Preserving Greek Heritage Workshop at the 2024 Clergy-Laity Congress

by | Jul 5, 2024 | Greek Diaspora


In a candid and often humorous workshop, Director of Greek Education Dr. Anastasios Koularmanis, together with Assistant Director Rev. Protopresbyter Gregory Stamkopoulos, explained some of the strategies employed by their department in fostering cultural identity and community cohesion. Questions and suggestions, buoyed by good-natured conversation and colorful personal anecdotes from presenters and participants alike, made the session a particularly enjoyable one.

“The Church is the only vehicle in the United States that promotes the Greek language— other than the home,” reminded Koularmanis, while Fr. Stamkopoulos reiterated the shared values of Orthodoxy and Hellenism. He defined a “Hellene” as one who partakes in Greek education and Hellenic values, rather than one possessing a particular ancestry. Greek School is not only about the language, but about bringing young people “closer to our faith, to our culture, to who we are,” said Koularmanis. The number of clergy born out of the Greek School education system speaks at least in part to this, and the Director suggested a possible connection between the struggles to maintain language programs and to train new clergy.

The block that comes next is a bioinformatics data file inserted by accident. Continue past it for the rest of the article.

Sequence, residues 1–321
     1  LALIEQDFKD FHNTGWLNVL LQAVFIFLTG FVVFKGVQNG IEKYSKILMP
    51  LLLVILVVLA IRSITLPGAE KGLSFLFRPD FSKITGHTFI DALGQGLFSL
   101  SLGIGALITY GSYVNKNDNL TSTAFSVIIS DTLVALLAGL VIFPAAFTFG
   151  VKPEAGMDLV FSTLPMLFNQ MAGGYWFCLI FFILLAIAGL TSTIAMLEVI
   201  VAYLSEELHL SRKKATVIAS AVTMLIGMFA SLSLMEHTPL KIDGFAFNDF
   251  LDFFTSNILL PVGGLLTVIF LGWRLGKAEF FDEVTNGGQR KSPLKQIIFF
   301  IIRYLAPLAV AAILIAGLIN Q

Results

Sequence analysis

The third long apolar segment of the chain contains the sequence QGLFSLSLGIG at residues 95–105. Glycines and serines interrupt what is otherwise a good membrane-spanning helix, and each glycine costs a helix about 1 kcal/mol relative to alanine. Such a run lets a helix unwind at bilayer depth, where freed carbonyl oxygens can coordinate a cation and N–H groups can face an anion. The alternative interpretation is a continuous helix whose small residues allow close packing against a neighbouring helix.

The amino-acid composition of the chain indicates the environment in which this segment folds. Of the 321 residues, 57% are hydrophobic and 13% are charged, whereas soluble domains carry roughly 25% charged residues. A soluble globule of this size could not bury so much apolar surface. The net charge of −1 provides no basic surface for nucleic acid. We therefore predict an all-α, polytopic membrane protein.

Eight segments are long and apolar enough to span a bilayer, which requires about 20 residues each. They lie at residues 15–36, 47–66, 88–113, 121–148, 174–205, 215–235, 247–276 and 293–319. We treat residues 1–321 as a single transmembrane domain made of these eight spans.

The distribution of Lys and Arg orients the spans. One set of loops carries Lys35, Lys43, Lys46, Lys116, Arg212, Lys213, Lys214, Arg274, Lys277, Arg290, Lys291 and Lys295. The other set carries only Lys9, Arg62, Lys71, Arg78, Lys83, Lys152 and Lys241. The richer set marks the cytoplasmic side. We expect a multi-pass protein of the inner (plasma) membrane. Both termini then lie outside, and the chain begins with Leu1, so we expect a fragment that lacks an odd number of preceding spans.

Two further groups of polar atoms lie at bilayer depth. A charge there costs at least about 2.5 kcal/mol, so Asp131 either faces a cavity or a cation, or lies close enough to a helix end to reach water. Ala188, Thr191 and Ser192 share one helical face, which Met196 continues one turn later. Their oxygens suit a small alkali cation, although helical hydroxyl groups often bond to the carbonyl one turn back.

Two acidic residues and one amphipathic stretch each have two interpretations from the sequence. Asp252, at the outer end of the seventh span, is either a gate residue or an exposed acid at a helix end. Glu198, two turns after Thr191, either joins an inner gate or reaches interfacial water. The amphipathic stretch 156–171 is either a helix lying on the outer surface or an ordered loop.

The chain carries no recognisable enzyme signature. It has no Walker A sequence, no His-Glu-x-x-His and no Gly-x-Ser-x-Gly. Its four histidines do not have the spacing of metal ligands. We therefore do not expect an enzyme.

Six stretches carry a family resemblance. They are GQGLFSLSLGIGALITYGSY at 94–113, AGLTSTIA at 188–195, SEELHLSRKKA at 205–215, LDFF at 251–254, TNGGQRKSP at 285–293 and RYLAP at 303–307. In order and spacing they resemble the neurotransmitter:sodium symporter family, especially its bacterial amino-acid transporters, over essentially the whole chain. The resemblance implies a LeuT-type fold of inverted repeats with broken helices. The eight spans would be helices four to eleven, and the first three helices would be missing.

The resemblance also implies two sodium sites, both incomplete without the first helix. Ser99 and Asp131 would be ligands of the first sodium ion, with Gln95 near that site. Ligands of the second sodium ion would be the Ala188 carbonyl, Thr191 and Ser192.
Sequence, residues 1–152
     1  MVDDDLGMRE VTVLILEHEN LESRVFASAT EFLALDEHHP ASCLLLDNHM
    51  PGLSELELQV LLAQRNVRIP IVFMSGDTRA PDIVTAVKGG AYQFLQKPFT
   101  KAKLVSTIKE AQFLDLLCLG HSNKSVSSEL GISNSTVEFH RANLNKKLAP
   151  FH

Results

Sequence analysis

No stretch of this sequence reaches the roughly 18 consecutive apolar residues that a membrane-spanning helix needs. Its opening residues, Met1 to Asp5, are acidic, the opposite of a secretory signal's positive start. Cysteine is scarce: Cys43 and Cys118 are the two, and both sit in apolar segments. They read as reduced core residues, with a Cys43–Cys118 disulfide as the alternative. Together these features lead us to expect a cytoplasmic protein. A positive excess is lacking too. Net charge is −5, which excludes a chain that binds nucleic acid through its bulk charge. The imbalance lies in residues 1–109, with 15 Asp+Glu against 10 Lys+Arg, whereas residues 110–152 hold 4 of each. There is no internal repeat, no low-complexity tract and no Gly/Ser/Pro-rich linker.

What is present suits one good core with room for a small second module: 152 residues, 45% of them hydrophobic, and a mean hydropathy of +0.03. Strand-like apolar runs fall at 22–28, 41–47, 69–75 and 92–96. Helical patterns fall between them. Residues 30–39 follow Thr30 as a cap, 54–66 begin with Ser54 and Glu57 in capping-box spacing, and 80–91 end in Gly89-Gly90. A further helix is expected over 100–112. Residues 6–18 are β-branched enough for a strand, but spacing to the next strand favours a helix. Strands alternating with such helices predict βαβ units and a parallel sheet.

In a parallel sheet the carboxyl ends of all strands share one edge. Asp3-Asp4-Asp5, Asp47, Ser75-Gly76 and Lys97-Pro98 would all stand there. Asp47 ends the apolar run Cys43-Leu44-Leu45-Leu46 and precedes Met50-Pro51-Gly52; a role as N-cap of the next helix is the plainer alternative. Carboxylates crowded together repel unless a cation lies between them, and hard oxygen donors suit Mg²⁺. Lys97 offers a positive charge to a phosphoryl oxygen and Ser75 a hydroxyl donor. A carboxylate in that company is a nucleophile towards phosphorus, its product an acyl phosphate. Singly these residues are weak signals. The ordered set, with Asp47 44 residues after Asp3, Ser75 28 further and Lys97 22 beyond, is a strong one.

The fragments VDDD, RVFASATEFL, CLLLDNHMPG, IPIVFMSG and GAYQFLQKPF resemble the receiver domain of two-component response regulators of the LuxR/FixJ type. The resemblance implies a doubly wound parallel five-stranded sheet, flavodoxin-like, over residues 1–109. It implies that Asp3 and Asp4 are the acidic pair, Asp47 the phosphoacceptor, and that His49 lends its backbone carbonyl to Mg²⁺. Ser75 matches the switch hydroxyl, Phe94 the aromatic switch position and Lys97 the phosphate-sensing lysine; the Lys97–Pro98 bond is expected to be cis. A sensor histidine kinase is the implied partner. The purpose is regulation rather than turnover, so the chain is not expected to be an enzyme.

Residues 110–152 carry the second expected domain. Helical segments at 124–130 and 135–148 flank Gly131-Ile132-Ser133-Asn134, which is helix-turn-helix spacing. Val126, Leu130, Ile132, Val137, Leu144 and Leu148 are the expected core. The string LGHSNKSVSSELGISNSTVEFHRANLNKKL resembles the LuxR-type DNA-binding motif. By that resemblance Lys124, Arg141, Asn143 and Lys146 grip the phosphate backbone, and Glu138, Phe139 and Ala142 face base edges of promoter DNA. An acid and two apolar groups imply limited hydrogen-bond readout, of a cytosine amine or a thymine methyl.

The Department shared a number of initiatives aimed at strengthening Greek heritage, notably an online, adult Greek language course— which was finally capped at 250 participants—; its ongoing Greek and English publications on history, culture, and language; its partnerships with universities and cultural institutions to develop language learning methods and materials and host seminars for Greek teachers; and its efforts to diversify the mediums for learning by providing Greek schools with new technology.

Stressing the great diversity of parishes, Koularmanis explained that the recent development of the first ever Archdiocesan Greek language curriculum does not intend to be a “one size fits all” endeavor; rather, it is meant to be adapted by different communities according to the realities each of them face. For this reason, the Department has also increased its data-collection efforts in order to understand the specific needs of different parishes and schools, and. Fr. Stampkopoulos presented an exciting update on this project: for the first time, all existing Archdiocesan Greek language schools have been catalogued and charted onto an interactive map online. This tool not only better informs the Department’s work, but is accessible to anyone seeking out a Greek language program in the United States. Check it out here:

Photos: GOARCH/Brittainy Newman

Breaking News